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A Los Angeles ordinance extending a freeze on rent increases from 60 days to one year following the coronavirus pandemic emergency period was approved Wednesday by the City Council.

The measure heads to L.A. Mayor Eric Garcetti, who will need to sign it in order for the further extended rent freeze to become law.

The order impacts nearly 625,000 apartment units covered by L.A.’s rent control measure.

When it was initially signed by Garcetti on March 30, the ordinance prevented landlords of such buildings from hiking rent for the duration of the emergency period and the 60 days that followed, according to a news release from L.A. City Councilman David Ryu’s office.

Ryu introduced the new amendment to extend that freeze for a year past the end of the emergency period.

“We are not just in a public health emergency, we are in an economic emergency,” he said in the news release. “It’s not just about providing relief now — but building the road to recovery.”

Californians have been hit particularly hard by the devastating economic consequences caused by the pandemic.

Since around mid-March, when Gov. Gavin Newsom began ordering businesses the state deemed nonessential to close to help slow the spread of the COVID-19, over 4 million residents have applied for unemployment insurance.

The state has distributed about $10.6 billion in benefits during the crisis, including $2 billion since this past Sunday, Newsom said at his daily coronavirus briefing Wednesday.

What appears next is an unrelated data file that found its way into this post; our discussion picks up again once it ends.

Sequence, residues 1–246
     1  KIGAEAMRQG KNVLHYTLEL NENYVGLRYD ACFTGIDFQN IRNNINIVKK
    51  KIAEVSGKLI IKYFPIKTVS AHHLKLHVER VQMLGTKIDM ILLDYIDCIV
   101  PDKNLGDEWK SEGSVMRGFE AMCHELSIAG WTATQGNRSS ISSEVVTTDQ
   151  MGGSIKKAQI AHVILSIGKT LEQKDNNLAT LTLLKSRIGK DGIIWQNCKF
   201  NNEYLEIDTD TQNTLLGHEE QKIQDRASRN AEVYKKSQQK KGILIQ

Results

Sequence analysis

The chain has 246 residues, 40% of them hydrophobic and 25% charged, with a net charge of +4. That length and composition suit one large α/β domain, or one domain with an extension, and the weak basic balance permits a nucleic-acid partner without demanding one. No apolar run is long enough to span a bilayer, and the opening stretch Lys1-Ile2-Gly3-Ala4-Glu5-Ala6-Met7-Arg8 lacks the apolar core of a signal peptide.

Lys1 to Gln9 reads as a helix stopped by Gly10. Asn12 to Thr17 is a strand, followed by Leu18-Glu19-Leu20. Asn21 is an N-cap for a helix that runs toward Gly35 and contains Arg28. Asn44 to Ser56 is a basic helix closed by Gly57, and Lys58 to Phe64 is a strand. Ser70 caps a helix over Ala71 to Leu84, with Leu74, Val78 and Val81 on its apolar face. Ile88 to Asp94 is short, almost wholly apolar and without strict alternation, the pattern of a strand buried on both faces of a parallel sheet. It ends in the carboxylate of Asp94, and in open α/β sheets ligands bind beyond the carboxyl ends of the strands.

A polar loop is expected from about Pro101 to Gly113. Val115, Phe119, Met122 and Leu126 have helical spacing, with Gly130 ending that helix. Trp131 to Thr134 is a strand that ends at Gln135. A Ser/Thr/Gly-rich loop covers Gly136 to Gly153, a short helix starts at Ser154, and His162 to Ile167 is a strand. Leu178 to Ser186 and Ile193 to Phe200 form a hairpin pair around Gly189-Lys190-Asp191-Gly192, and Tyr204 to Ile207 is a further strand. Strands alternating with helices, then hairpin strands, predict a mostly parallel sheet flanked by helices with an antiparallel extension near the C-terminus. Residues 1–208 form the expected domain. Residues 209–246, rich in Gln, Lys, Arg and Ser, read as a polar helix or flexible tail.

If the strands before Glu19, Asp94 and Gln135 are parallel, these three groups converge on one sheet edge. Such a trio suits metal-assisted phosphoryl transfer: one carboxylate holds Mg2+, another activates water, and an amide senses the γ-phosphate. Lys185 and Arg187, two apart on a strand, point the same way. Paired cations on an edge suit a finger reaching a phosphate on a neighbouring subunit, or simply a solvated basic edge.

But some have argued even rent freezes don’t go far enough to help struggling residents and have called for such payments to be canceled outright during the pandemic.

Even as some businesses in L.A. and across the state prepare to reopen Friday, Ryu acknowledged the financial challenges ahead for many, citing it as a reason for the need to halt rent hikes.

“When this emergency passes, millions of Angelenos will be left with more debt and fewer job opportunities,” he said. “The least we can do is ensure that they don’t face a rent increase while they’re trying to get back on their feet.”

The rent control measure covers most apartments built in the city before 1978. A state law known as Costa Hawkins restricts cities from expanding rent control or rent increase freezes to newer buildings, according to the release.

On Wednesday, the City Council unanimously voted for a resolution calling for the suspension of the statewide law. Ryu and other councilmembers have also called on the governor to halt Costa Hawkins amid the pandemic.